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‘Hundreds’ of objections expected to ‘gigantic’ housing development in Dundrum village

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An artist's impression of how the development of 881 apartments would look in Dundrum village

An artist's impression of how the development of 881 apartments would look in Dundrum village

An artist's impression of how the development of 881 apartments would look in Dundrum village

Plans for a “gigantic” housing development on the site of a former shopping centre in Dundrum village are likely to meet with “hundreds” of objections, a community group has claimed.

Dundrum Retail, a subsidiary of UK property company Hammerson, has applied for permission to build 881 apartments through the fast-track Strategic Housing Development process.

The proposed development, laid out in 11 blocks across four zones, includes “a landmark” 16-storey building, retail units and a new pedestrian/cycle bridge over the Dundrum by-pass.

The company, which owns the Dundrum Town Centre, is seeking planning permission for an eight-year period to coincide with the construction programme.

It recently emerged that apartments sold to Dún Laoghaire-Rathdown County Council under the developer’s social housing obligations could cost up to €788,741 each.

The proposal is facing strong local opposition, with more than 500 attending a recent public meeting in Taney Parish Hall.

Councillor Anne Colgan (Ind), chairperson of the Imagine Dundrum community group, said there was “a sharp intake of breath” at the meeting when images of the proposed development were presented.

“People were really taken aback by the size and scale of it,” she said. “This development is gigantic in the context of being part of Dundrum village.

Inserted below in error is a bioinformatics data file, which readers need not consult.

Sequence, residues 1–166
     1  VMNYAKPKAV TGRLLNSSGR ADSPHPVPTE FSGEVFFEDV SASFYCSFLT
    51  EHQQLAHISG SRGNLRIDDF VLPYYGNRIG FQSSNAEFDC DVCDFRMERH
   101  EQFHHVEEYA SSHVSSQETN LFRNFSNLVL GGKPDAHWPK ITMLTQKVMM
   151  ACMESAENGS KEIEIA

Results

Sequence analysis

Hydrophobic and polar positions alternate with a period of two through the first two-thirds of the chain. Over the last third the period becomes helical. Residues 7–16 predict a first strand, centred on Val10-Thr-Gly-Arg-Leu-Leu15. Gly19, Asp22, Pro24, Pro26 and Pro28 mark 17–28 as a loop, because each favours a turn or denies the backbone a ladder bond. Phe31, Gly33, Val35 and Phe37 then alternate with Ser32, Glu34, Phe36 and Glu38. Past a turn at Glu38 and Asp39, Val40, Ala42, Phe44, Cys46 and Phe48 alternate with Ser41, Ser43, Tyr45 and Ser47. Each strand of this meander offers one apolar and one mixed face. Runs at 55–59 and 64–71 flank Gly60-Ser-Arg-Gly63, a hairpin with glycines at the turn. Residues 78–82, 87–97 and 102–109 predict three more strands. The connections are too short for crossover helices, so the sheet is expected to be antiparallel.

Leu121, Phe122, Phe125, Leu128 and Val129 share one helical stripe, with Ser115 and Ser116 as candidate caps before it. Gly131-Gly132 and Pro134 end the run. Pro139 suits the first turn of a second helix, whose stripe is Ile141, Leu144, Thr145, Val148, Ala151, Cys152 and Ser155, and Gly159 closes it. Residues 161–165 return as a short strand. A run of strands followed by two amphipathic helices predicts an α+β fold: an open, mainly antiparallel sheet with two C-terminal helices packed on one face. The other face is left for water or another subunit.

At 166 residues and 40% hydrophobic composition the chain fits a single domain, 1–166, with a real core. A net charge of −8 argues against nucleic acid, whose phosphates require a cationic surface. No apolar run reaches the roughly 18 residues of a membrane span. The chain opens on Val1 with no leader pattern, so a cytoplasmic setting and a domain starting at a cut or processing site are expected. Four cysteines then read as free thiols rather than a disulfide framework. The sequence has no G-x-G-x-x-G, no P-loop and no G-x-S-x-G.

“There are mostly five-storey blocks proposed for Main Street, which will be very overbearing and will completely overwhelm the streetscape.”

Cllr Colgan said the site is supposed to have a mix of uses but the Dundrum Village SHD comprises 95pc housing.

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“It should have all the things you’d need for a neighbourhood, like employment, offices and entertainment, as well as civic and community facilities and services,” she said.

“Not having a proper mix is a major flaw in the proposal and contravenes the county development plan.”

She also claimed the heritage value of old buildings being retained within Architectural Conservation Areas would be “diluted” and “swallowed up” by the scale of the development.

Cllr Colgan insisted Imagine Dundrum was “pro-development” and said its members were in favour of housing “on a reasonable scale” being built in the village.

“Nobody wants to see the old shopping centre left the way it is for another 15 years,” she said. “We want a living community with more open space and a plan that will fit in with current zoning.”

Cllr Colgan said she believes An Bord Pleanála will receive “hundreds” of submissions before next Monday’s deadline for observations.


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